The narrator keeps confiding his troubles to this friend of his, a man named Clark Kent. Clark listens, he sympathizes. You, the listener, suspect he might not be the right person to talk to about all this. The story’s not just funny, it’s tender. And Jonathan does it all with such efficiency.
I don’t know how Jonathan’s brain comes up with stuff like this. I’ve never asked him. It felt like a violation of our friendship to acknowledge how much I admire him, which is maybe a mistake.
In the first half decade of my radio career, when he was a faraway Canadian genius who I admired, I was obsessed with figuring out how to make work like his. But there were very few outlets where you could publish that sort of work. This American Life worked with freelancers, sometimes. So did Radiolab. I was too intimidated to pitch those shows. The week I started as a freelancer, someone told me there was one other show I could pitch called Weekend America, which folded a week after. Tough pickings.
Before money came into podcasting, we had this system called radio, which had two big narrative shows. And in that system, at any given moment, it felt like there were maybe two available jobs, neither of which paid well enough to live without three roommates.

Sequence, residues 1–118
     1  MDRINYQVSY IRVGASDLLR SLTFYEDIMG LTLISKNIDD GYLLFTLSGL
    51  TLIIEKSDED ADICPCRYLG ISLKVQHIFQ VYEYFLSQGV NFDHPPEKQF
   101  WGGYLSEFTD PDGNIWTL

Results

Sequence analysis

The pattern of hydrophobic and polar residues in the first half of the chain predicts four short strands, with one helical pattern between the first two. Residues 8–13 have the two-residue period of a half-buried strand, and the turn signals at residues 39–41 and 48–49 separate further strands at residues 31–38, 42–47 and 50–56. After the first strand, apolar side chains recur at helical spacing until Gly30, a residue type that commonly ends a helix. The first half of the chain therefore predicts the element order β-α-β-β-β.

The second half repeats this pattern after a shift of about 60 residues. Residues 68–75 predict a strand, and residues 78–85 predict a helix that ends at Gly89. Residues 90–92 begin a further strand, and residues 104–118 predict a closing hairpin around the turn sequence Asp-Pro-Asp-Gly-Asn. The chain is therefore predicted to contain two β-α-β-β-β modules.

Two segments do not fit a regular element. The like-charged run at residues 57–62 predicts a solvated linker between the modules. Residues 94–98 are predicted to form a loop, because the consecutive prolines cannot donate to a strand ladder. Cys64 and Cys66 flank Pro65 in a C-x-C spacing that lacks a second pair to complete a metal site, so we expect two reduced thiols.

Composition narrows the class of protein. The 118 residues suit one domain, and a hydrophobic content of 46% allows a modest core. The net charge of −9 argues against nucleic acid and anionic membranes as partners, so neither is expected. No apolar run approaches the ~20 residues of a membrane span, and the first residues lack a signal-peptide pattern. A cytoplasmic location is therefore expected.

During the radio era, I had three roommates. Jonathan had a show in Montreal called WireTap. A small-staff, small-budget weekly. A weird, brilliant show that mixed real interviews and made-up stories, interviews with Jonathan’s friends, literature, comedy, sadness.
WireTap was really good, but when the gilded age of podcasting showed up, one of the exciting things it augured was actually the end of WireTap. Jonathan Goldstein was coming to the company where I worked.
He was going to get the budget and the time to make something more precious, something that could come out less often. He could spend more time on reporting and polish. That show was Heavyweight. It was, it is singular.